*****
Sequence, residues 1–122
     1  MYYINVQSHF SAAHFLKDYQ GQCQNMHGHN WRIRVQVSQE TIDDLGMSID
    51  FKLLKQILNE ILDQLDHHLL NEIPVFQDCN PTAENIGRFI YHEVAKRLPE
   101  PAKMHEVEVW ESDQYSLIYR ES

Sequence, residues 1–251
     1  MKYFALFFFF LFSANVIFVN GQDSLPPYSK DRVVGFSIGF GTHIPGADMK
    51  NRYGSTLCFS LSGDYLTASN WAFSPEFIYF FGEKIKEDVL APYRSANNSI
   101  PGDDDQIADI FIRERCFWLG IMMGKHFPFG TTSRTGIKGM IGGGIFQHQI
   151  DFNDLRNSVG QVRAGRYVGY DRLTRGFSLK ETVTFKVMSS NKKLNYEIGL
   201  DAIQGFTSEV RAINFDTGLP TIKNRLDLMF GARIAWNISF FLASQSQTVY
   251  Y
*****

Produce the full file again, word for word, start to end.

Sequence, residues 1–122
     1  MYYINVQSHF SAAHFLKDYQ GQCQNMHGHN WRIRVQVSQE TIDDLGMSID
    51  FKLLKQILNE ILDQLDHHLL NEIPVFQDCN PTAENIGRFI YHEVAKRLPE
   101  PAKMHEVEVW ESDQYSLIYR ES

Sequence, residues 1–251
     1  MKYFALFFFF LFSANVIFVN GQDSLPPYSK DRVVGFSIGF GTHIPGADMK
    51  NRYGSTLCFS LSGDYLTASN WAFSPEFIYF FGEKIKEDVL APYRSANNSI
   101  PGDDDQIADI FIRERCFWLG IMMGKHFPFG TTSRTGIKGM IGGGIFQHQI
   151  DFNDLRNSVG QVRAGRYVGY DRLTRGFSLK ETVTFKVMSS NKKLNYEIGL
   201  DAIQGFTSEV RAINFDTGLP TIKNRLDLMF GARIAWNISF FLASQSQTVY
   251  Y